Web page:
Adrian Clarke looks at key tactical points and players who can be decisive in Matchweek 29.
At the start of a nervy 12-match run-in for Everton, this could be the right time for Frank Lampard to go back to basics and settle on a consistent formation.
The Toffees have lost five of their six Premier League matches under their new manager, and during that run he has used five different shapes.
With problems to fix at both ends of the pitch, Lampard’s experimental approach is understandable, but the performances have become less and less cohesive.
Aside from their 3-0 home win over Leeds United, their best team performance under Lampard came in the narrow 1-0 loss at home to Manchester City.
For the only time in 2021/22, Everton lined up that day in a 4-3-3, a formation in which they looked comfortable and balanced.
With Donny van de Beek and Abdoulaye Doucoure operating either side of the tough-tackling Allan, the Toffees had a firm foundation down the spine of the pitch, protecting their back line with a stubborn display.
Unfortunately for them, that performance against Man City has been the exception to the norm.
Lately, Everton have too often been overrun and exposed down the middle of the field, with their central-midfield pairings struggling to stem the tide of attacks.
Thursday’s opponents Newcastle United had success in this area during a 3-1 win in February's reverse fixture, often via the surging runs of Allan Saint-Maximin.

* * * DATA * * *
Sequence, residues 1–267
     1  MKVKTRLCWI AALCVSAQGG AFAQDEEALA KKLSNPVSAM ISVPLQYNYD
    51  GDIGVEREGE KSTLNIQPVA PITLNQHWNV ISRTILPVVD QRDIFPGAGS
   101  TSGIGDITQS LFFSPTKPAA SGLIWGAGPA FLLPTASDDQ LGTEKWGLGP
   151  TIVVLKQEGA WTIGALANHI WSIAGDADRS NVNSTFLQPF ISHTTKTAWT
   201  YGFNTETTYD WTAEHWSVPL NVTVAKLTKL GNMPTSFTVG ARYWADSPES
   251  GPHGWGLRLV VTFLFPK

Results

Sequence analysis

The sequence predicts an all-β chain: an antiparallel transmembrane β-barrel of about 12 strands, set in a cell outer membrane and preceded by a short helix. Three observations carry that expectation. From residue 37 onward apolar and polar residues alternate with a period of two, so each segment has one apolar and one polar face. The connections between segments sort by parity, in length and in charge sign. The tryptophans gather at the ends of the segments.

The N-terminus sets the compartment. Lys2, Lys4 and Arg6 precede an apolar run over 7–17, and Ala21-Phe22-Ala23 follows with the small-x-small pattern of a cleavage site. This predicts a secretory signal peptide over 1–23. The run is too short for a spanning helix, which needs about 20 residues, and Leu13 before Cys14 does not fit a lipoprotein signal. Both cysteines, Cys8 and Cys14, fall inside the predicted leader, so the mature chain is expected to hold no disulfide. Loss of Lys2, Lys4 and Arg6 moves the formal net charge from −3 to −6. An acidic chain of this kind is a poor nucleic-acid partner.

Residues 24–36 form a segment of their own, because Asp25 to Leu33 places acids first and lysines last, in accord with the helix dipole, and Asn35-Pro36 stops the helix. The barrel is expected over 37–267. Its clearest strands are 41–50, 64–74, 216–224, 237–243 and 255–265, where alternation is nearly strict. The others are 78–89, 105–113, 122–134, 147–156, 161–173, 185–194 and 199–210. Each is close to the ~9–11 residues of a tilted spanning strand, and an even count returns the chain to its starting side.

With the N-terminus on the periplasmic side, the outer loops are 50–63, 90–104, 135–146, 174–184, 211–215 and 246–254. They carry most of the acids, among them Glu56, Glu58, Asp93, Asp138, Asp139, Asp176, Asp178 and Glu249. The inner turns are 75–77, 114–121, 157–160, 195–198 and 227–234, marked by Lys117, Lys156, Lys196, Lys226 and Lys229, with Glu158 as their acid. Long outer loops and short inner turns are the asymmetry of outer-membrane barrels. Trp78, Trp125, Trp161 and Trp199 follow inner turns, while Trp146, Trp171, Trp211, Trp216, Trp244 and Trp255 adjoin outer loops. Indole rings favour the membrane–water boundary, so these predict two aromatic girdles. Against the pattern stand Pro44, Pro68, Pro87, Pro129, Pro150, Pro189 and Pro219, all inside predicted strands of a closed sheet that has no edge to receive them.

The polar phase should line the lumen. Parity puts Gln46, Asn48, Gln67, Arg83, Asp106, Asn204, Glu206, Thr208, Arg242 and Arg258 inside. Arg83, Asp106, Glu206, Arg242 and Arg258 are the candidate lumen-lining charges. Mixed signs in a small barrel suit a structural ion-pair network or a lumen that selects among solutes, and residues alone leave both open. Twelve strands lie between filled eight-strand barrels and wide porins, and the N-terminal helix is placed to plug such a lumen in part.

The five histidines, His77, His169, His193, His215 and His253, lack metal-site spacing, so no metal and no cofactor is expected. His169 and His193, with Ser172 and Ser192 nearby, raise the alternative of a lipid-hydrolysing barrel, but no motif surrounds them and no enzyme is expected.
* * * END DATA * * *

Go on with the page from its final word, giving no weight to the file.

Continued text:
The only other time Everton have used three orthodox central midfielders was in a 3-1 defeat at Crystal Palace in December, when Fabian Delph, Andre Gomes and Doucoure started in a 4-1-4-1.
That strategy only lasted 58 minutes before Rafael Benitez had a reshuffle at 1-0 down.
In the continued absence of key defender Yerry Mina, Everton’s rearguard need extra protection.
Neither Van de Beek nor Doucoure are defensive specialists. They are both are at their best in advanced box-to-box roles.
So while Delph and Tom Davies are out injured, Allan appears the best option to hold the fort at the base of the central-midfield unit.
Rival sides are slicing through Everton too easily, so a third body in that area could make a significant difference.
Lampard’s natural inclination is to play in a positive attack-minded way but his side have lacked penetration, failing to score in the last four Premier League matches.
Across those outings they have had a total of just four shots on target, from a combined 28 attempts.
In five of Lampard's six matches in charge, Everton have registered an Expected Goals (xG) tally of 0.8 or less, significantly below the average they had under Benitez and Duncan Ferguson. Their Expect Goals Against (xGA) is also worse under Lampard.
*average per match
Everton have talent in forward areas, with Richarlison, Dominic Calvert-Lewin, Andros Townsend, Anthony Gordon and Demarai Gray all capable of scoring goals at this level.
But without a solid footing in matches, the Toffees are struggling to extract the best from their attacking players.
Settling on a consistent shape and approach could be the first step towards a late-season recovery.